Monday, October 29, 2012

Witch Hazel

Hamamelis virginiana is a common shrub or small tree on the forested slopes of the dune country in Indiana. It also occurs away from the dunes region, often on ravine slopes. The leaves are wavy-margined and noticeably asymmetrical. Interestingly, the flowers emerge in autumn, and in a mild year can sometimes be observed well into December. Watch for the occasional pink-flowered forma rubescens.

In a journal entry dated September 21, 1859, Henry David Thoreau wrote, "Heard in the night a snapping sound, and the fall of some small body on the floor from time to time. In the morning I found it was produced by the witch hazelnuts on my desk springing open and casting their seeds quite across my chamber, hard and stony as these nuts were. For several days they are shooting their shining black seeds about my chamber."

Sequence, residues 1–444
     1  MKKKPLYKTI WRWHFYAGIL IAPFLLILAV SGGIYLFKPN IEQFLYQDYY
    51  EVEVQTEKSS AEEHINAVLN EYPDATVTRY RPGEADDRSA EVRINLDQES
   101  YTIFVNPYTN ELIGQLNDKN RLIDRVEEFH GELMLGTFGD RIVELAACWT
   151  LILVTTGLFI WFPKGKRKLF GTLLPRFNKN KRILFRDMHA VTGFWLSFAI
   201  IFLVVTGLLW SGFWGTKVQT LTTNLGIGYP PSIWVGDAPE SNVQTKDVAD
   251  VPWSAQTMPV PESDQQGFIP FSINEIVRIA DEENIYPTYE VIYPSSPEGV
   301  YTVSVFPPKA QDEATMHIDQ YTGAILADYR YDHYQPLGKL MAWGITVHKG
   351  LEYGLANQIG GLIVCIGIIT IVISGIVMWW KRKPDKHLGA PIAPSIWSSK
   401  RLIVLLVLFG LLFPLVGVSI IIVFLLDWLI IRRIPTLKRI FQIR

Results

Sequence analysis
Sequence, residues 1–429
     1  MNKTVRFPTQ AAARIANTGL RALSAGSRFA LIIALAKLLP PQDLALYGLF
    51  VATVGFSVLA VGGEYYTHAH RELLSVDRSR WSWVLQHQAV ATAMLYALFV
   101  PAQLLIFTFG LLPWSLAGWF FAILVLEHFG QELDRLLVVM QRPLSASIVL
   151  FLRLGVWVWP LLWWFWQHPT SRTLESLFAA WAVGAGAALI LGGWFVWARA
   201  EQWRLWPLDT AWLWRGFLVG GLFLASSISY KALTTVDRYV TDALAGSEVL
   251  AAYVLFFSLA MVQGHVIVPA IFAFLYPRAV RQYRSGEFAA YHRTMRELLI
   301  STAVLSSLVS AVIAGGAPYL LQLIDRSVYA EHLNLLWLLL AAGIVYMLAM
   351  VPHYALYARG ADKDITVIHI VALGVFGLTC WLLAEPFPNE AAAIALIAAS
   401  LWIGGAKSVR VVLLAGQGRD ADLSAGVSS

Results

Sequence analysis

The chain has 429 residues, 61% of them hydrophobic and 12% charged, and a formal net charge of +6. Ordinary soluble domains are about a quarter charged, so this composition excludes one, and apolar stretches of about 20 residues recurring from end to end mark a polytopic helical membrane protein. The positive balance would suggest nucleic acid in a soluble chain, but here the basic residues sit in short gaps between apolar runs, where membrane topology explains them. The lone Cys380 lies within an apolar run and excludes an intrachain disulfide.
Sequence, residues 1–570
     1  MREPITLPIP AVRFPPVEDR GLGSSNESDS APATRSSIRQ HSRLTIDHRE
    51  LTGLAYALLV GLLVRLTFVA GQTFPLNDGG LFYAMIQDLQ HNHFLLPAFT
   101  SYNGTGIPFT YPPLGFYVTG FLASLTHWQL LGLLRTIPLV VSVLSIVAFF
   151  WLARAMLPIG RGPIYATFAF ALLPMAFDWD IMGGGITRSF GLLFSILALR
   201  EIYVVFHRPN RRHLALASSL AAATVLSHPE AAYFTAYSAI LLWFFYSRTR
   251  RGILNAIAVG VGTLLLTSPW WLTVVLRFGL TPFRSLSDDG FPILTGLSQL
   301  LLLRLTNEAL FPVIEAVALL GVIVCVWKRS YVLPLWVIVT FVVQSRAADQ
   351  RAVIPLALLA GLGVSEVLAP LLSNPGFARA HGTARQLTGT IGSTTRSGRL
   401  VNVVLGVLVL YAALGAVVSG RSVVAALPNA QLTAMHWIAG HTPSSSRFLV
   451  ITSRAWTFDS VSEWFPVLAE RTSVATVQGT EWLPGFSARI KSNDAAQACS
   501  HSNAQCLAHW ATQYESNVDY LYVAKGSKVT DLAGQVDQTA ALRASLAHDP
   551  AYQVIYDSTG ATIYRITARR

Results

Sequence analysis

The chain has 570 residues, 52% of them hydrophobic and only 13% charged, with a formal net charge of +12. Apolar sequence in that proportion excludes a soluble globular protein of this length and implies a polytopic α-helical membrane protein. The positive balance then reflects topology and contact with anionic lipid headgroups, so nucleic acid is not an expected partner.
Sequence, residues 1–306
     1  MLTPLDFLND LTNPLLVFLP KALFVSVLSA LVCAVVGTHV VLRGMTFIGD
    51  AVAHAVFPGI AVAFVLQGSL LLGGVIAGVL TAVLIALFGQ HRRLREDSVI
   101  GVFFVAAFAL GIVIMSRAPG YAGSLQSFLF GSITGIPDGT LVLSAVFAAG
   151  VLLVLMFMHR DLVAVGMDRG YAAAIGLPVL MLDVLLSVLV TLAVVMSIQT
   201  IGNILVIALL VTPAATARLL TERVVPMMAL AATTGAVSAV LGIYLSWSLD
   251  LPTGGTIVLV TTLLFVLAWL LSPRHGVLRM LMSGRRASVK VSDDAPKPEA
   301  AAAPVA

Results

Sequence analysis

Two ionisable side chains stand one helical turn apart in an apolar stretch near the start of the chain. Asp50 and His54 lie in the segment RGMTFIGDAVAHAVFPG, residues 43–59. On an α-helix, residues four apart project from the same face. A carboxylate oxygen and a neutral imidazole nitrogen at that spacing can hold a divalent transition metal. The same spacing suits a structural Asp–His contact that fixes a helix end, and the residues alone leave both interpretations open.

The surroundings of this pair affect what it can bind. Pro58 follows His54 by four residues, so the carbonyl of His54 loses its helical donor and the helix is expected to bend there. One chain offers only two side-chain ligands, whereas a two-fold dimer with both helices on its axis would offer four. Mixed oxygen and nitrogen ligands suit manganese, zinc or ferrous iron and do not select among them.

In a delightful book entitled "Of Woods and Other Things," the inimitable Emma Pitcher wrote, "Everything else in the woods is going to sleep in the frosts and cold of October and November when witch hazel is in full blossom. We found lingering petals on a Christmas Day stroll."
 In earlier times, a forked branch of witch-hazel was sometimes used as a “divining rod” for “water witching,” which was believed to locate good sites for digging wells.
Photographed on October 31, 2012 in Marshall County, Indiana.

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